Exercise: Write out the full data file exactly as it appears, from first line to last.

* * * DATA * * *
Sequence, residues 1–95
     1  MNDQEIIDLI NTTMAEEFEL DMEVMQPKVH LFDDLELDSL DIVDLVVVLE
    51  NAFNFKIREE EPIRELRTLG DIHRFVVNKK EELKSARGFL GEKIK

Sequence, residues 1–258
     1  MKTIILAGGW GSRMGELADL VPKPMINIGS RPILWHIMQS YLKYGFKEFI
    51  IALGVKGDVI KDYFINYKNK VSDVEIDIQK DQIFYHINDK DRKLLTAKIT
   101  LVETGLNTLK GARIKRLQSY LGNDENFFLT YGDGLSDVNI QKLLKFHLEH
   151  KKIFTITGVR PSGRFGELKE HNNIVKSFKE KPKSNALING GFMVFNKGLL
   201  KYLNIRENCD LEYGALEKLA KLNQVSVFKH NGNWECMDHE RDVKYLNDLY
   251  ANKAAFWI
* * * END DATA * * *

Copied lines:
Sequence, residues 1–95
     1  MNDQEIIDLI NTTMAEEFEL DMEVMQPKVH LFDDLELDSL DIVDLVVVLE
    51  NAFNFKIREE EPIRELRTLG DIHRFVVNKK EELKSARGFL GEKIK

Sequence, residues 1–258
     1  MKTIILAGGW GSRMGELADL VPKPMINIGS RPILWHIMQS YLKYGFKEFI
    51  IALGVKGDVI KDYFINYKNK VSDVEIDIQK DQIFYHINDK DRKLLTAKIT
   101  LVETGLNTLK GARIKRLQSY LGNDENFFLT YGDGLSDVNI QKLLKFHLEH
   151  KKIFTITGVR PSGRFGELKE HNNIVKSFKE KPKSNALING GFMVFNKGLL
   201  KYLNIRENCD LEYGALEKLA KLNQVSVFKH NGNWECMDHE RDVKYLNDLY
   251  ANKAAFWI